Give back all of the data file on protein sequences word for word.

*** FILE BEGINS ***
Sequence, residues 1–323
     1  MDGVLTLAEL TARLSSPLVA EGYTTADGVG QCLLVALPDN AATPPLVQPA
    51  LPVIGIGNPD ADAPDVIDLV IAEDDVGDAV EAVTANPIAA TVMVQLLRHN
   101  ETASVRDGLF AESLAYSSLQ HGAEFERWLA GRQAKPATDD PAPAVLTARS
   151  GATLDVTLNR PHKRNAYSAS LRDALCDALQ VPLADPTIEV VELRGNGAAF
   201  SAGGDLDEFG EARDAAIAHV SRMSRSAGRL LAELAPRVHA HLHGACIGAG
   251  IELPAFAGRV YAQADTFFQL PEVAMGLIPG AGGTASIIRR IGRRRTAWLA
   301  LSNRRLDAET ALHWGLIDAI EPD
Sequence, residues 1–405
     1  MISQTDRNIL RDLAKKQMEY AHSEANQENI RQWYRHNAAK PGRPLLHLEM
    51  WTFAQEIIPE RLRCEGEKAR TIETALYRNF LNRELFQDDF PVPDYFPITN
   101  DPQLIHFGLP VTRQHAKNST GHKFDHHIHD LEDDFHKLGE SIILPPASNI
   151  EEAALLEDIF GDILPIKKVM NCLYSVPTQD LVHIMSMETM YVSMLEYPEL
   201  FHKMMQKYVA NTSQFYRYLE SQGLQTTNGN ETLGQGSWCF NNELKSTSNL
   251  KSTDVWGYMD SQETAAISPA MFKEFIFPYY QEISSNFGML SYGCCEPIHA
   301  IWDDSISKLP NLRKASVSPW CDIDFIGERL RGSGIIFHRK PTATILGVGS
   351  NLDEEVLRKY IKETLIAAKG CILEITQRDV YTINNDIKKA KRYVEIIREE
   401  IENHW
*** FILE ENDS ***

Sequence, residues 1–323
     1  MDGVLTLAEL TARLSSPLVA EGYTTADGVG QCLLVALPDN AATPPLVQPA
    51  LPVIGIGNPD ADAPDVIDLV IAEDDVGDAV EAVTANPIAA TVMVQLLRHN
   101  ETASVRDGLF AESLAYSSLQ HGAEFERWLA GRQAKPATDD PAPAVLTARS
   151  GATLDVTLNR PHKRNAYSAS LRDALCDALQ VPLADPTIEV VELRGNGAAF
   201  SAGGDLDEFG EARDAAIAHV SRMSRSAGRL LAELAPRVHA HLHGACIGAG
   251  IELPAFAGRV YAQADTFFQL PEVAMGLIPG AGGTASIIRR IGRRRTAWLA
   301  LSNRRLDAET ALHWGLIDAI EPD
Sequence, residues 1–405
     1  MISQTDRNIL RDLAKKQMEY AHSEANQENI RQWYRHNAAK PGRPLLHLEM
    51  WTFAQEIIPE RLRCEGEKAR TIETALYRNF LNRELFQDDF PVPDYFPITN
   101  DPQLIHFGLP VTRQHAKNST GHKFDHHIHD LEDDFHKLGE SIILPPASNI
   151  EEAALLEDIF GDILPIKKVM NCLYSVPTQD LVHIMSMETM YVSMLEYPEL
   201  FHKMMQKYVA NTSQFYRYLE SQGLQTTNGN ETLGQGSWCF NNELKSTSNL
   251  KSTDVWGYMD SQETAAISPA MFKEFIFPYY QEISSNFGML SYGCCEPIHA
   301  IWDDSISKLP NLRKASVSPW CDIDFIGERL RGSGIIFHRK PTATILGVGS
   351  NLDEEVLRKY IKETLIAAKG CILEITQRDV YTINNDIKKA KRYVEIIREE
   401  IENHW